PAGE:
Print out this heart rate zones sheet as a quick and handy guide for calculating your aerobic heart rate zones.
When I started my fitness journey September 2016, I did a lot of things the hard way. I had the wrong running shoes (I now swear by these running shoes), I started out with workouts that I may not have been physically ready for, etc.
One thing that I struggled with during my cardio workouts was knowing whether I was pushing myself correctly. I am a little lazy when it comes to cardio exercise. If I don’t walk or jog on a treadmill, I tend to slack off and slow down my pace.
But, how do you know if you’re pushing yourself enough during LISS or HIIT? How do you know (besides it being harder to breathe) that you’re pushing too much, too quickly? That was something that plagued me when I first started my fitness journey.
Thankfully, when I purchased Anna Victoria’s FBG guides 1 and 2.0, she had amaaaaaaazing explanations on the different types of walking/jogging/running cardio and when to implement each during the 12-week guides. It was super helpful when I took my first RunBet challenge. You had to calculate your optimal aerobic heart rate zones using a little bit of simple math.
I used to think I had to memorize my heart rate zones in order to know if I was “in the zone.” When I created this cheatsheet on my notes in my phone, I knew it would be great to also print out. I currently have it mounted at eye level on the wall in front of my treadmill.
FREE Heart Rate Zones Printable
What is Maximum Heart Rate?
Maximum heart rate is the upper limit of what your cardiovascular system can handle during physical activity. (Note: if you are an athlete your maximum heart rate may be a little lower or higher, but this age-based formula works for most people). Most doctors and personal trainers recommend you exercise at 55 to 85 percent of your max heart rate for 20 to 30 minutes to get the best results from your cardio workouts.
Heart Rate Zones
Calculating your heart rate zones is really easy. All you need to do is subtract your age (in years) from 220. This gives you your MAXIMUM heart rate. Then, you use that number to calculate the percentage range for each of the following types of cardio.
LISS – When you hear the therm “fat burning zone,” people are usually referring to this heart rate zone. LISS stands for Low Intensity Steady State exercise. A brisk walk for 30 minutes four to five times per week in this zone fulfills most people’s cardio needs. LISS can also be incline walking or light jogging.
LIMIT – Low Intensity Medium Intensity Training is the gateway to interval training. When I first attempted to jog, what I was actually doing was LIMIT. I would alternate between a quick walk and a medium pace jog every 1-2 minutes. If you’ve ever tried the C25k app, this is the type of cardio exercise you are doing to help build your endurance as you work up to a jog.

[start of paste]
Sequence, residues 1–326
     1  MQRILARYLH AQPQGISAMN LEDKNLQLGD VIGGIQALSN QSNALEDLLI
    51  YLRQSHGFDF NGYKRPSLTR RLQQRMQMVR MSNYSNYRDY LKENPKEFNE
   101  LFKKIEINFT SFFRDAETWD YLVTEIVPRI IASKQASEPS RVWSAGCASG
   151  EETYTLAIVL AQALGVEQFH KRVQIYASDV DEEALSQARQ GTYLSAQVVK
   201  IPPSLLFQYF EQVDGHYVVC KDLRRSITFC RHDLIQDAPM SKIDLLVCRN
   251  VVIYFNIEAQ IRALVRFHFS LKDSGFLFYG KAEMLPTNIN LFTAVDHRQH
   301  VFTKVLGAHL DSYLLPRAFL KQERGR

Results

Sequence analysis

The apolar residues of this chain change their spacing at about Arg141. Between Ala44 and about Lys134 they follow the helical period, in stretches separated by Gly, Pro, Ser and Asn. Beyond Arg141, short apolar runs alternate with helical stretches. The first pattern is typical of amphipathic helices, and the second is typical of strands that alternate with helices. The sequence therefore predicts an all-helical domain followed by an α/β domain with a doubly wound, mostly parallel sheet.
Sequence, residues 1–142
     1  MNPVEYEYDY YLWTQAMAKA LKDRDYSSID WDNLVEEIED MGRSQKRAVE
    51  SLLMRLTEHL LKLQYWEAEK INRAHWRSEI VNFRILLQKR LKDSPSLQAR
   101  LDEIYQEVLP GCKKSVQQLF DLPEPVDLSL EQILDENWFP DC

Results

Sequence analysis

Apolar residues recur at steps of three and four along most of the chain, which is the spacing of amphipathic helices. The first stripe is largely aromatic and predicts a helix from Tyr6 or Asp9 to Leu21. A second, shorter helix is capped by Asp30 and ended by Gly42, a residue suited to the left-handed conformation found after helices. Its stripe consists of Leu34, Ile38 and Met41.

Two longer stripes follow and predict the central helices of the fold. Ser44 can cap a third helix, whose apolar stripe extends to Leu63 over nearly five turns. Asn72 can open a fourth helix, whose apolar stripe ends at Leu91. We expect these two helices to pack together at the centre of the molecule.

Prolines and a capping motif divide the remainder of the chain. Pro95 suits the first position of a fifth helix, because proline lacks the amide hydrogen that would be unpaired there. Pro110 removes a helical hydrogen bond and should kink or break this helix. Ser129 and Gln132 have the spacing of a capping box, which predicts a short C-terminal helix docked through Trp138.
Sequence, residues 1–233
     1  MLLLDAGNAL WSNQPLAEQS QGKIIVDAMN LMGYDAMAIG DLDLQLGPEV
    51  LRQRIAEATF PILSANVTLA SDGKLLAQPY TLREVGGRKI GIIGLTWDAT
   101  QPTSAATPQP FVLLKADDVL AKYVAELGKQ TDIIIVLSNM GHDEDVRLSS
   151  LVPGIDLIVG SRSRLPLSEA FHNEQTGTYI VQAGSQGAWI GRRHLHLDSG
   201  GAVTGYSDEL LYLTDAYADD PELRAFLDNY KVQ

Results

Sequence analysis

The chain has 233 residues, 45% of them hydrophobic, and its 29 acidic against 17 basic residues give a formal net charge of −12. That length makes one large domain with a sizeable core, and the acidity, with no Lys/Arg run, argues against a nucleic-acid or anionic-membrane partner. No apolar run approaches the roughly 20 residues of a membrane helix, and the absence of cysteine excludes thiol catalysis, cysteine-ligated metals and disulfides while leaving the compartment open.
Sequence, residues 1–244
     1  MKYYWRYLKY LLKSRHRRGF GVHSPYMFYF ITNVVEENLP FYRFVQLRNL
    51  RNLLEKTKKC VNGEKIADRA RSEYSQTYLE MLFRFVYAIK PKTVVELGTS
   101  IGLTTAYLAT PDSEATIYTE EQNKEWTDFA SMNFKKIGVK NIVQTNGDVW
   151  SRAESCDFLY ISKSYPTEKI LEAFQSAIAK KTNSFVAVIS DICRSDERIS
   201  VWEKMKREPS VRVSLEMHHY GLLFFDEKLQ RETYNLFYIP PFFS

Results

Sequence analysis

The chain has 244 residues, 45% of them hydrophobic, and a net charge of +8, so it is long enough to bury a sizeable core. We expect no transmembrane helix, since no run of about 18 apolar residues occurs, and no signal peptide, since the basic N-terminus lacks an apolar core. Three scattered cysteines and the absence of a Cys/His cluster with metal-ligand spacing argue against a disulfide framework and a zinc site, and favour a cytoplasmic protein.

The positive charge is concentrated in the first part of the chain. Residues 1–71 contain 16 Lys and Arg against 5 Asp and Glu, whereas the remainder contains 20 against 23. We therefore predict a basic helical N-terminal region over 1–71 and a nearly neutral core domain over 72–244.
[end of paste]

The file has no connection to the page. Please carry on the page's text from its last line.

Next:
HIIT – High Intensity Interval Training is the craze that’s driving the fitness industry at the moment. BBG and the BodyBoss Method are both HIIT workouts. These are designed to be tough! I like to alternate between a light walk (or even total rest) and a full out run (6mph-7mph) for 30 second intervals. I can usually only last 15-20 minutes on the treadmill.
MISS – Medium Intensity Steady State is similar to LISS but at an increased speed. After a while, my body urged me to jog (crazy, right) and this is what I challenged myself with. I typically jogged at 4.5mph for 30 minutes or so. The last 5-10 minutes are the most difficult of this type of cardio as you’re tired and want to slow down. Don’t stop!
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Sprints – This is the most intense form of cardio. Like, INTENSE! The few times I’ve done sprints I needed a 2 minute period of rest or light walking to catch my breath after 30 seconds of sprinting (8mph on the treadmill). It was no joke! Because it’s so intense, you should only do this for about 15 minutes maximum. You won’t burn many calories during a sprint session, but your body continues to burn calories for HOURS afterwards!
I hope you guys find this printable useful! Pin this post for later so you can refer back to the different types of cardio exercises. I’ve found that as long as I set long-term cardio goals, it is easier for me to avoid boredom on the treadmill. For example, during the weeks I did LIMIT, I tried to slowly increase the speed I’d jog at during the medium intensity intervals.
Don’t forget, exercise is free therapy. Get your sweat on today!